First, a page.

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This one group could prevent boxing fans from getting the fights they want to see in 2018

Kevin Iole
Combat columnist
Terence Crawford and Bob Arum have their work cut out for them in 2018. (Photo by Bill Tompkins/Getty Images)

Boxing is in a better position talent-wise than it has been in decades. It’s not only filled with elite talent, but many of them are charismatic, television-friendly personalities.

The welterweight division has three legitimate contenders for the mythical pound-for-pound king status and is evoking memories of the 1980s, when Sugar Ray Leonard, Roberto Duran and Thomas Hearns held sway. These days, it’s Errol Spence, Terence Crawford and Keith Thurman at the top, with guys like Danny Garcia, Manny Pacquiao, Jessie Vargas, Jeff Horn and several others in the mix.

There is potential for more exciting bouts at heavyweight than there has been in 25 years. In March, Anthony Joshua will fight Joseph Parker and Deontay Wilder will face Luis Ortiz. That’s three years’ worth of big fights at heavyweight, yet Joshua-Parker and Wilder-Ortiz are happening in the same month.

The super flyweights are loaded with high-end talent as well as charismatic personalities. Naoya Inoue, Jerwin Acajas, Sri Sor Rungvisai, Roman “Chocolatito” Gonzalez, Juan Francisco Estrada and Carlos Cuadras make the 115-pounders a can’t-miss division.

On and on it goes, division after division stacked with top talent and mouth-watering matches.

For a sport that many have proclaimed dead over the years, the future in the ring is exceedingly bright.

There is only one thing – one group, to be more precise – that can screw this up, and it’s a legitimate concern.

The promoters, of course, are the ones who can take the riches they’ve been given and turn it into dust.

As it stands now, boxing is already poorly promoted and marketed. Emailing news releases isn’t promoting a fighter, but that is the extent that most promoters go to when trying to build their business.

Worse, all but a precious few do public relations and marketing for events and not in order to create exposure for the fighters they have under contract.

The simple truth of the fight game is that people will buy tickets or tune into a bout when they know something about the athletes and they feel an emotional investment in whether they win or lose. Performance is a big factor in growing a fighter’s popularity, but it takes far more than that.

It takes a serious commitment of time and money and most promoters come up short on both.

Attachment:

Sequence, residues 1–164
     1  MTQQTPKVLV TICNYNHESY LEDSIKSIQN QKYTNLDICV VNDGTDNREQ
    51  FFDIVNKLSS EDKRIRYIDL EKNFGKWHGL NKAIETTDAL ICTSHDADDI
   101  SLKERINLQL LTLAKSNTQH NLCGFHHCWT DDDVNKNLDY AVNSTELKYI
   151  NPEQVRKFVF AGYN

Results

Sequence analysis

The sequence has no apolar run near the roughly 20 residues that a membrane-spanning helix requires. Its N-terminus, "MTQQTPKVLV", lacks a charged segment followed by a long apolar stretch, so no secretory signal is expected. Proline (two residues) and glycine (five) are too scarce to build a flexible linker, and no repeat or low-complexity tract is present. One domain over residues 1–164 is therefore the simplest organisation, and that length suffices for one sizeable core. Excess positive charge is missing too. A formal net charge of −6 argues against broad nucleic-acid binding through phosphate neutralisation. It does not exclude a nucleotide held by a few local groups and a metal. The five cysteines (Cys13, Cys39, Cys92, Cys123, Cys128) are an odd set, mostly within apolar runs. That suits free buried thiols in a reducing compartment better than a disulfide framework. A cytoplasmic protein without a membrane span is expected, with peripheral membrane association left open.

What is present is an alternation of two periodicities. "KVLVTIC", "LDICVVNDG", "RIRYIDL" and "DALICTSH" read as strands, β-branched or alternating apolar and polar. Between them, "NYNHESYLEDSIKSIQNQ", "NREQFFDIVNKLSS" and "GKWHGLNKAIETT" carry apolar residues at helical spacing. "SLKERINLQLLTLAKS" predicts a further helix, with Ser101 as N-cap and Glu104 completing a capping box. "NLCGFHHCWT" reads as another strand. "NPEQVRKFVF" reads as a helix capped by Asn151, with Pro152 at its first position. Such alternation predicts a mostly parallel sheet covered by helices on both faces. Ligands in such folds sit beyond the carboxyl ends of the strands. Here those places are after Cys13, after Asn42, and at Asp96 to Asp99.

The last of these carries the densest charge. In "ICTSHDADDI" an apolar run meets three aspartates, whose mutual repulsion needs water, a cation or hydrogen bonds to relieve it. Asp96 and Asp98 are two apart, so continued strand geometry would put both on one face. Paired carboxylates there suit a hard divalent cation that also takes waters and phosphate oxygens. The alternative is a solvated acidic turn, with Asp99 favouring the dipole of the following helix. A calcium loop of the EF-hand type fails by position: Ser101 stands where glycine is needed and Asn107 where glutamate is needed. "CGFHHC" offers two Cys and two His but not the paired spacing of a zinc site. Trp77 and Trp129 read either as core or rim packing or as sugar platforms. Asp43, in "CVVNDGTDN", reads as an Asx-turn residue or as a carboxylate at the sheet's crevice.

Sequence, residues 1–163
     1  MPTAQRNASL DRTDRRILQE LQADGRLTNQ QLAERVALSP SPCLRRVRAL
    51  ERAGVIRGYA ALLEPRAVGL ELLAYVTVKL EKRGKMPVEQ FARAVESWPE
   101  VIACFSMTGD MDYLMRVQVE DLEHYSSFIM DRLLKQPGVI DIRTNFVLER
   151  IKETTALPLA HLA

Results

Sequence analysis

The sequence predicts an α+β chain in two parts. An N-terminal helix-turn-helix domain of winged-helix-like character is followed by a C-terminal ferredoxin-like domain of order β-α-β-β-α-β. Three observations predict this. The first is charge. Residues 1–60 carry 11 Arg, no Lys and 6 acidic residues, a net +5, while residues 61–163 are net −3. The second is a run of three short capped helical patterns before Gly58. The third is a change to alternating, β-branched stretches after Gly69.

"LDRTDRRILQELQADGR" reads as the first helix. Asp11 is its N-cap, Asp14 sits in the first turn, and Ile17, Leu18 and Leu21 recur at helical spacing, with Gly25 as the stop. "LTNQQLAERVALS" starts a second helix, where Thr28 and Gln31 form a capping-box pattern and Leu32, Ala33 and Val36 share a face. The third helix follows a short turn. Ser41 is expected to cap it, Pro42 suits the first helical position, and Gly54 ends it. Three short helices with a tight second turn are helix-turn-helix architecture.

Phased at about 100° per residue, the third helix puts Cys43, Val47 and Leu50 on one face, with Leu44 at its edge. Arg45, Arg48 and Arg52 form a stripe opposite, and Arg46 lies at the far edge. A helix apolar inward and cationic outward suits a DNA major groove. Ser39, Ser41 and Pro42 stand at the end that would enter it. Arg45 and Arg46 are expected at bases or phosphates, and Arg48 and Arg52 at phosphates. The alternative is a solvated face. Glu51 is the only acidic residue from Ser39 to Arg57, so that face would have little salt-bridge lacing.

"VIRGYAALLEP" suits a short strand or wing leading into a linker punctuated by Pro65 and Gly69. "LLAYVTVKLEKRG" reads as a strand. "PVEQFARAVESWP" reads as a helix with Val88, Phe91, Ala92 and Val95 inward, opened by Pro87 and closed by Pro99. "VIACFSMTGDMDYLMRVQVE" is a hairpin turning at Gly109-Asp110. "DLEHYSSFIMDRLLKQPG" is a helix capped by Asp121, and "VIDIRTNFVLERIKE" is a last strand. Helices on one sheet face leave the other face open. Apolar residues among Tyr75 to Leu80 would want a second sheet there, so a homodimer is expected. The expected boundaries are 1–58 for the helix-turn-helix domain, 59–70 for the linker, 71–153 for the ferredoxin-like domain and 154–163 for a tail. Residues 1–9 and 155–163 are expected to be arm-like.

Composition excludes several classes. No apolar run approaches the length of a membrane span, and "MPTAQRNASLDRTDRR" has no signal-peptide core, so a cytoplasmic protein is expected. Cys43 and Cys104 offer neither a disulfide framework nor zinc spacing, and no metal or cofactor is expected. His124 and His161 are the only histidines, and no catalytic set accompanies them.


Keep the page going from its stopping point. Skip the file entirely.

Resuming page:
The real problem lies with the matches they’re willing to make, though.

Over the last quarter century, there has been a great reluctance to regularly pit their stars against legitimate opposition. The tact that most have taken in, say, the past 10 or 15 years is to look to get their fighters on television against overmatched opposition, to showcase him in hopes of landing that one big payday.

They fear a loss in a competitive bout will kill a potential pay-per-view.

The current state of politics in the U.S. shows that Americans can’t agree on much. But one thing most fight fans agree upon is that they won’t hold a loss against fighters if they regularly take on quality opposition and compete to the best of their ability. Take Pacquiao, for instance, who lost his first bout on pay-per-view to Erik Morales, and nonetheless went on to become one of the biggest stars in the history of the sport.

Fans who perceive a fighter isn’t taking on the best opposition aren’t shy about letting him hear it. Danny Garcia has faced a torrent of abuse, often unfair, from fans upset about bouts against the likes of Rod Salka and Samuel Vargas. The overarching theme of Wilder’s November title defense against Bermane Stiverne was the perception he hadn’t fought any elite opposition.

Indications are that promoters of Wilder and Joshua are interested in pitting them against each other if they win their upcoming fights. That’s a good sign.

But it’s not so good in other potentially mega-matches.

Crawford is promoted by Top Rank and Spence by DiBella Entertainment. Given that Spence is managed by Al Haymon and appears regularly on Premier Boxing Champions fights while Crawford shows up on ESPN, it seems a long shot they’ll get together. It’s a sad thing because it’s exactly the kind of match that would boost the sport immeasurably. They’re arguably 1-2 in the pound-for-pound rankings and, at worst, 3-4.

The more likely fight is between Spence and Thurman, which is a great one in and of itself. They’re both managed by Haymon and both fight in the PBC, so it should be relatively easy to arrange.

The winner against Crawford, though, is another story and the fact we can’t say for certain it will happen in 2018 is illustrative of what is wrong with boxing.

Promotors must make the fights the fans want to see and do it regularly. Only then will the sport thrive like at no other time over the last 30 years. History, though, suggests that such actions by those running the show are a long shot.

And it’s why the very people who make their living off of boxing are slowly but surely squeezing the life out of the sport.

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